Rwanda has taken a giant step in its quest to become Africa’s technological hub with the launch of a smartphone manufacturing plant.
Pan-African conglomerate Mara Group launched the manufacturing plant Monday, unveiling its first sets of smartphones concurrently—Mara X and Mara Z.
They will use Google’s Android operating system, costing $190 and $130 respectively. Mara Group will compete with Samsung, whose cheapest smartphones are believed to cost $54.
More about this
For the Rwandan government, the launch of the plant was part of a bigger ‘Made in Rwanda’ initiative.
Concerns have been raised over the cost of the phones and whether the African Rwandan can afford it.
Despite acknowledging the concerns, Mara Group CEO Ashish Thakkar averred that the target of the company was customers willing to spend more for quality.
“This is the first smartphone manufacturer in Africa,” Thakkar told Reuters after touring the company alongside Rwanda’s President Paul Kagame.
The manufacturing plant cost Mara Group some $24 million and it has the ability to produce 1,200 phones per day.
“We are actually the first who are doing manufacturing. We are making the motherboards, we are making the sub-boards during the entire process,” said Thakkar.
The Group is hoping to cash in on the African Continental Free Trade Agreement, a pact aimed at forming a 55-nation trade bloc, to boost sales across Africa.
The AfCFTA, headquartered in Ghana, is one of the largest free trade areas since the formation of the World Trade Organisation, given Africa’s current population of 1.2 billion people, which is expected to grow to 2.5 billion by 2050.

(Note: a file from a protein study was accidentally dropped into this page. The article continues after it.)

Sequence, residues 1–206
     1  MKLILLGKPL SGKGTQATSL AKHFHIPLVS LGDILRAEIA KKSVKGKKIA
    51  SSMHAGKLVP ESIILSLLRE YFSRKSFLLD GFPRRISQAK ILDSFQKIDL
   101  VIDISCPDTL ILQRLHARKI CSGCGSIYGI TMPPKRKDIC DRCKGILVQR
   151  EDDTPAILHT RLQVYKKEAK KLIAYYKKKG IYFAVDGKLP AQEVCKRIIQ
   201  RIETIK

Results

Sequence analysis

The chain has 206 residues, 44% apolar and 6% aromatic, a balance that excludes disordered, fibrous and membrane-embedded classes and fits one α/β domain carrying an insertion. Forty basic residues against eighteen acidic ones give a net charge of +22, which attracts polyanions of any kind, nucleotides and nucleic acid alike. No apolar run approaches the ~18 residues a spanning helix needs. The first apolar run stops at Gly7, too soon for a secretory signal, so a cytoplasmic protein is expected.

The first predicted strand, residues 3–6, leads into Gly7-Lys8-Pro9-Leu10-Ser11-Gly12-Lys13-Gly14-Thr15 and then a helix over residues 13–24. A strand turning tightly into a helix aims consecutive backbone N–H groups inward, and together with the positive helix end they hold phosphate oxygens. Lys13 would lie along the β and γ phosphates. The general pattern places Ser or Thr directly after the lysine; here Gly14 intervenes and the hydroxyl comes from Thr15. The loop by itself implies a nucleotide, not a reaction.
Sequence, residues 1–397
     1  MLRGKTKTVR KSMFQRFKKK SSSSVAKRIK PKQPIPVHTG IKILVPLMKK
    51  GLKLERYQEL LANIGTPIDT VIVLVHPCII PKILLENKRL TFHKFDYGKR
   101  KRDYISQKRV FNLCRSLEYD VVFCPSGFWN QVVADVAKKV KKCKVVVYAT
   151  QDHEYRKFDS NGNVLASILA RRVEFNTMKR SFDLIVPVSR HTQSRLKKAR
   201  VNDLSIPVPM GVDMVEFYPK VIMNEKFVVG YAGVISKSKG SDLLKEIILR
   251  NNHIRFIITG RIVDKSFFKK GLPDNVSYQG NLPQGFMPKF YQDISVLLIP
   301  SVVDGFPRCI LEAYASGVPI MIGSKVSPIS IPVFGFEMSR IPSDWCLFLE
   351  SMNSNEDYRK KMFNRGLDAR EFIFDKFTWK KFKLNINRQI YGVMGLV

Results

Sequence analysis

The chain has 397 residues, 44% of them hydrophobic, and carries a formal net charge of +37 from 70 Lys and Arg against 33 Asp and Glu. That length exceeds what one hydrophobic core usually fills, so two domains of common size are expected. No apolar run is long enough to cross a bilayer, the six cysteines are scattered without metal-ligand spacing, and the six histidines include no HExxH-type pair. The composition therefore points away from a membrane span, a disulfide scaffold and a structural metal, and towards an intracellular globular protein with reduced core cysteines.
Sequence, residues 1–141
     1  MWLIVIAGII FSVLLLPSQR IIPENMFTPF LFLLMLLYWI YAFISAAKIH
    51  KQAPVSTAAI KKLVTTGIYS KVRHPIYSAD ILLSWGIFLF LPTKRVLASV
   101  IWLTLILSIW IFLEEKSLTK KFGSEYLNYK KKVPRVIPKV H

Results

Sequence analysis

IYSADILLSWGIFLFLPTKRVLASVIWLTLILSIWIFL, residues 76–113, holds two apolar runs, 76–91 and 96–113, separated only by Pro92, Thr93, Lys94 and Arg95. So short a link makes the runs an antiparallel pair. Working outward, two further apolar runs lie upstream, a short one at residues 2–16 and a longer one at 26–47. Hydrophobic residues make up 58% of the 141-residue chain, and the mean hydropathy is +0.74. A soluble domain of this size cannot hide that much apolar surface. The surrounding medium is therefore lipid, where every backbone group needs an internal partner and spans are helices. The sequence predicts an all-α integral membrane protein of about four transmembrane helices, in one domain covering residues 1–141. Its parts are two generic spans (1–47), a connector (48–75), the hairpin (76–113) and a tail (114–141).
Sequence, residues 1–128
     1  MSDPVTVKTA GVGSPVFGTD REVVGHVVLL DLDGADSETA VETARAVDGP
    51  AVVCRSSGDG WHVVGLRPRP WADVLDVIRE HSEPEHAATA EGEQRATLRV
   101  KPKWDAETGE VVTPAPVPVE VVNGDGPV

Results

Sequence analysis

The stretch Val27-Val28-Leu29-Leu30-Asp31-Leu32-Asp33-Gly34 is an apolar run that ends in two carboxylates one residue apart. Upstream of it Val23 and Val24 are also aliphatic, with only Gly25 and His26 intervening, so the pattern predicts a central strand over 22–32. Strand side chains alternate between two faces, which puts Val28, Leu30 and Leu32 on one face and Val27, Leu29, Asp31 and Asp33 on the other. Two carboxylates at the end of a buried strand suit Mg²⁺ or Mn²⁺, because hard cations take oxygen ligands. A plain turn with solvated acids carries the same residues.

Speaking at the launch of the Mara Phones production plant at the Kigali Special Economic Zone in Gasabo District, President Paul Kagame lauded the move, noting: “The Mara Phone joins a growing list of high-quality products that are made in our country.”
He added, “Producing smartphones is not a simple matter. Around one thousand individual components are involved as we have been taken through the whole process.”
According to him, the plant is a complex manufacturing operation and it requires significant technical skill and expertise. “It is another milestone on our journey to high-tech, “Made-in-Rwanda” industry,” the president said.
Boost ownership and phone usage
The launch of the manufacturing plant and the Mara smartphones is expected to increase the ownership and smartphone usage in Rwanda. This will, among other things, boost access and delivery of public services, as well as, financial inclusion.
Already, there are predictions that the Africa telecom market will grow on average by 6.7% in the coming years. Growth is also expected in mobile data usage—about four times faster than voice.
Many market analysts have identified Africa as the rising star in the telecommunications industry with GSMA predicting that 80% of the 800 million people in Sub-Saharan Africa will have a mobile device by 2020.
There is evidence of huge invasion into the African telecom market by companies like Huawei, Tecno, Infinix among others; that’s the more reason why the coming on board of Mara Group will protect the Rwandan market from unrivaled invasion.
“The smartphone is no longer a luxury item. It is rapidly becoming a requirement of everyday life,” Kagame said. “That trend is bound to increase in the years to come, as more and more services migrate to digital platforms.”
“The percentage is still really low of Rwandans who are already using smartphones, but we want to enable many more who would like to, and this is why dealing with cost and quality is very important,” he said.
About 200 people are said to employed at the firm with 90 percent of them being Rwandans. At full capacity, the firm will employ up to 650.
Eddie Sebera, the Country Manager of Mara Group, told local newspaper The New Times that they were already in talks with partners from countries such as Angola, DR Congo, and Kenya, among others, for exports.